4 of 7 people found the following review helpful
Waits exposed - the curtain pulled back,
This review is from: Lowside of the Road: A Life of Tom Waits (Hardcover)
well written and researched and strong on detail for the early tropicana motel days. tends to drag on a little when we get to the 1990s as the author has no real first hand information and we are left to rely on previously printed reviews/ interviews. in that respect it is not much better than the p humphries book. but, the early stuff is interesting and at least hoskyns doesn't try and ape waits' schtick like poor patrick humphries did. read in conjunction with the collected interviews book i think we are as close as we're going to get to waits without him spilling it himself... the most interesting thing for me was that after reading the book i actually saw what charles bukowski meant when he said of waits that "he hasn't got an original idea in his body" (or words to that effect)... probably without meaning to hoskyns pulls the curtain from in front of waits like the wizard of oz exposed... "tom waits", the character, is a sham, but an entertaining and talented one.
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Initial post: 7 Apr 2009 22:22:56 BDT
Last edited by the author on 7 Apr 2009 22:30:26 BDT
K. Palukivi says:
Exposed in what way? I don't buy that. Aynway, a decent book, if nothing new really.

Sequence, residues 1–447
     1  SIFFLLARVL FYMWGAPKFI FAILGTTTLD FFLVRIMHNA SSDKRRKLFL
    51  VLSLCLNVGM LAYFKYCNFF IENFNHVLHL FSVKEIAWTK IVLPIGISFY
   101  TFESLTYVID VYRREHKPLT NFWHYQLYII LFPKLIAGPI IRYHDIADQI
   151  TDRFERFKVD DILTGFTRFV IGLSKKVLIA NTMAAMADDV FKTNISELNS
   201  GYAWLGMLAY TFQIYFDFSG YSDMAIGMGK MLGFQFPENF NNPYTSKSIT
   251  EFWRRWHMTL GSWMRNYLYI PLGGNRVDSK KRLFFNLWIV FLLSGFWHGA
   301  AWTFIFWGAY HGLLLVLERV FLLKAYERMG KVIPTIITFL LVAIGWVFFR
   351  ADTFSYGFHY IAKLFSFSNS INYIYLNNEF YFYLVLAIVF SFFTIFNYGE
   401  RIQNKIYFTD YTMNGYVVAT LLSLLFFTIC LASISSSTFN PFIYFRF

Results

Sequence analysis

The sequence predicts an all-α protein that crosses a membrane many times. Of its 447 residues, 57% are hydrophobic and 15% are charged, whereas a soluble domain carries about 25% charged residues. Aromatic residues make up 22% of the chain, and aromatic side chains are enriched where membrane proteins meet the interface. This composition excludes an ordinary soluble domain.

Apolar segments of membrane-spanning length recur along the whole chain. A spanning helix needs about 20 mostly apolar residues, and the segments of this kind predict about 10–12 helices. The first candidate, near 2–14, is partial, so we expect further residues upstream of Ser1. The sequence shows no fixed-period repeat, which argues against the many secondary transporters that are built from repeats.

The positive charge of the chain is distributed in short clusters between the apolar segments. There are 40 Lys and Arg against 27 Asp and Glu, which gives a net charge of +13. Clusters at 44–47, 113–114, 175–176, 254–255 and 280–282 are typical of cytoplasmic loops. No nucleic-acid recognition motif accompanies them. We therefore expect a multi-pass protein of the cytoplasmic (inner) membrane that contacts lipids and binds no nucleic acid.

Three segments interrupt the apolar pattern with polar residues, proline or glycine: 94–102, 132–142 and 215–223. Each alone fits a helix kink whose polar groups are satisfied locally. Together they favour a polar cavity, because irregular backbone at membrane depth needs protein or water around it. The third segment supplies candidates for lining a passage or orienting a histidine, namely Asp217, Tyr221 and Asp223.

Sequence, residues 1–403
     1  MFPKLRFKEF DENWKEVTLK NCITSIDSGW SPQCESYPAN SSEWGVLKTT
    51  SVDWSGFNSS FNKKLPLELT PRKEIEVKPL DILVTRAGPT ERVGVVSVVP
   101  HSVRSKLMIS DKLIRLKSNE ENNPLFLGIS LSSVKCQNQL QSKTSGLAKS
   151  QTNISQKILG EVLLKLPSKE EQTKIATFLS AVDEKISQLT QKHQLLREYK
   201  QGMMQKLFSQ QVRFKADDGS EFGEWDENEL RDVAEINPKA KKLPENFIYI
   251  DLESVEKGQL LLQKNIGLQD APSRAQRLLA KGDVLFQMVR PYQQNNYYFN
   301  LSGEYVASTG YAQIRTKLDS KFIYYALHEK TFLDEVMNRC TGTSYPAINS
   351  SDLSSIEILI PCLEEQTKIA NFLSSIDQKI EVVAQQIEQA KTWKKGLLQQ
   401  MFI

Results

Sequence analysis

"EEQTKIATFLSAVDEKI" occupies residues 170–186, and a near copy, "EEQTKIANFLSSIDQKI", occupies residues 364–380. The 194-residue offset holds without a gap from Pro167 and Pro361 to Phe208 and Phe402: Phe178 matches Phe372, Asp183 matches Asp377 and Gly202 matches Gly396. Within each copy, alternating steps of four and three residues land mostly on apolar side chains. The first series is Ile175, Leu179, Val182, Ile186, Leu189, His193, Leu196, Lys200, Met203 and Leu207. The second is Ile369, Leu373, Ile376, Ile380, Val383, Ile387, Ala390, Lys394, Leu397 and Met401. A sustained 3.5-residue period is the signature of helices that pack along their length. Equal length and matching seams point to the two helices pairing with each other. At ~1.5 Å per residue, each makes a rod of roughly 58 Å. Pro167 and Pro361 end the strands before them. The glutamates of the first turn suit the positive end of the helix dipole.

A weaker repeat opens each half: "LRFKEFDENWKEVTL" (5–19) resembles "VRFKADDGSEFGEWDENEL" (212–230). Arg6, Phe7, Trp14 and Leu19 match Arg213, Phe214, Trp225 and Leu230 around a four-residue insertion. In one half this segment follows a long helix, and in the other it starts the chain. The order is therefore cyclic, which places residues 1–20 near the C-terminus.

"the most interesting thing for me was that after reading the book i actually saw what charles bukowski meant when he said of waits that "he hasn't got an original idea in his body" (or words to that effect)..."
I didn't get that from this book either, can you elaborate?
In reply to an earlier post on 9 Apr 2009 22:51:02 BDT
Bob The Bobcat says:
bukowski implied that waits was the sum of numerous parts - like an actor he picked up on the beats, bits of jazz, lord buckley etc etc and then turned theminto an act - hoskyns virtually says as much going further to imply that the reason waits/brennan are so reluctant to talk about stuff or let others talk for them is that "tom waits" is really a fictitious creation and not a pure artist like say, neil young or bob dylan... not to say this is a bad thing just the more you might delve into waits the less there actually is... so "exposed" in that way i guess
In reply to an earlier post on 14 Apr 2009 20:43:10 BDT
el dangeroso says:
I couldn't disagree with you or Bukowski more, especially if Dylan is used as an example of a pure and unfluenced artist. There is ten times more Woodie Guthrie in any Dylan song then there is Lord Buckley or Ginsberg in, say 'Chocolate Jesus' or 'Innocent When You Dream' for example. Certainly every artist has been influenced by previous generations, unless they've been raised by Irish Wolfhounds, but to say Waits is a fictitious creation is patently absurd. And well, Bukowski's poison was dramatic classical in the vein of Mahler after all, so I wouldn't expect him to be a very erudite critic when it comes to pop/rock music.
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